Next we did the driving test. As I said, I took the test in Fresno, so there were no hills close to the test center. The score sheet I was given at the end of my test showed the following items for driving on grades.. Start/Stop on Grade Approach: traffic check, signal, proper lane, decelerating/braking, and gear use. Start/Stop on Grade Stop: Vehicle parallel to curb, roll back, parking brake, set wheels. Start/Stop on Grade Start: traffic check, signal, parking brake, gear control, speed. Driving Up Grade: in proper gear, stays in right lane, uses 4-ways if slow, traffic check. Driving downgrade: checks brakes, proper gear, speed control/braking, clutch use, traffic check.

While driving the score sheet shows the usual things,. At intersections, they looked for traffic check, gear use, speed, complete stop if called for, yielding if necessary, and speed. During turns, they looked at similar things. The thing that I missed several times was the “traffic check”. Traffic check means looking around, including both mirrors. They want you to do a traffic check approaching the turn, during the tern and just after you complete the turn. I was docked 8 points for not doing a traffic check after my turns.

Then there is freeway section. I was graded on traffic check, signal, steering control, spacing, speed and lane position. There is a section on lane changes, but I was never asked to do a lane change on the freeway.

Another thing I was scored on way observing overpass signs. As we passed under a bridge, he asked me if I knew what the clearance for the bridge was. I hadn't looked at the warning signs that I passed before the bridge so I was dinged a point for that. My excuse was that I had already driven this motorhome under that particular bridge several times. I was till dinged the point!

You are allowed 10 errors on the skill tests and 45 errors on the driving test. One “critical error” will produce an unsatisfactory road test and necessitate a retest. Critical errors are listed as intervention by examiner, striking an object or curb, disobey traffic sign or law, disobey safety person, dangerous maneuver, speed, lane violation, and axillary equipment use(cellphone??)

I received 2 skills test errors, one for a single pullup on the campsite back-in and one for not getting the back of the coach in the two foot space at the back of the campsite parking spot. I received 12 errors on the driving test. 11 of these were for failing to do “traffic checks”. 8 of those were from failing to do the traffic check immediately after I completed turns. The other was for failing to observe the overpass clearance.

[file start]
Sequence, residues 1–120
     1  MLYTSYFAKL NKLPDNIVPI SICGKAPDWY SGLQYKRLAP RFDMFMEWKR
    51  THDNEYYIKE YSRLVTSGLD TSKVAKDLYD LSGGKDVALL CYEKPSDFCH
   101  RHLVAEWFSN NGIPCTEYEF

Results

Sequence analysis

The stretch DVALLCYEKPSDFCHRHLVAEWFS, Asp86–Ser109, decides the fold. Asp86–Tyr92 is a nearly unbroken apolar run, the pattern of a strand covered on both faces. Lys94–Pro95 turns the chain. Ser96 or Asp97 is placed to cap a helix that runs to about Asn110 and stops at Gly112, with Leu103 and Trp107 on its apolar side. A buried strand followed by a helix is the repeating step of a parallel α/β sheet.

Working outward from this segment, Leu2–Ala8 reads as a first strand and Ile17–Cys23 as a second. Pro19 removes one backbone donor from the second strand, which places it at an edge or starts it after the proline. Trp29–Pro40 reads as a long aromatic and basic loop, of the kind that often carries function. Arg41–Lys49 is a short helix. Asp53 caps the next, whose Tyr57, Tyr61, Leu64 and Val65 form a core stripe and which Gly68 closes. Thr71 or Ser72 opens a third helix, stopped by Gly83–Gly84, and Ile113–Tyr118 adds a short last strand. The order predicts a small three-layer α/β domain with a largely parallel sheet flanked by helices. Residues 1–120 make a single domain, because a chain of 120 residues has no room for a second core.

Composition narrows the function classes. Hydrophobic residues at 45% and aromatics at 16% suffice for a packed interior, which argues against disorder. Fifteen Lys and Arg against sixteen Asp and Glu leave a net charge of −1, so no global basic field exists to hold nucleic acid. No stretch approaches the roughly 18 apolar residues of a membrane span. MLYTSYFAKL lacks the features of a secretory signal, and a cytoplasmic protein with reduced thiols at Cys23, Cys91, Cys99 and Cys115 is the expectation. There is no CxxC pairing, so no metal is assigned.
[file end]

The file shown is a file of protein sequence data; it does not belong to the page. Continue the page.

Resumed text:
I hope this helps someone to prepare for the license. I am writing this because this info sure would have helped me.


Nat

2012 Tiffin Phaeton 42LH

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The Western States

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Posted: 01/25/13 10:00pm Link  |  Print  |  Notify Moderator

Great post.

Be advised that there are many prohibited CA roads for 40'+ vehicles regardless of registration or license. Significant portions of US 1 for example. Click.

I actually called the CHP to see if there was any way to use US 20 to Ft Bragg. Apparently not.


2009 Holiday Rambler 42 Scepter with ISL 400 Cummins
2004 Honda CR-V

Bob


gsf35099

Granite Shoals, TX

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Posted: 01/25/13 10:02pm Link  |  Print  |  Notify Moderator

Thanks for the write up. I'm going in before too long here in Texas to do the driving portion and have not been able to find anything on what the test is like. I would think the driving test here is pretty close to out there as the written test was from the Federal Commercial booklet.


Kaven
2005 Damon Astoria 38' DP
300 Cummins ISB, Allison auto 5 speed
Normally with 20' Vnose toy hauler in tow with Harley & Golf Cart.

Life is to short not to have a good time and enjoy!!!


doc brown

Redondo Beach, CA,

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Posted: 01/25/13 10:14pm Link  |  Print  |  Notify Moderator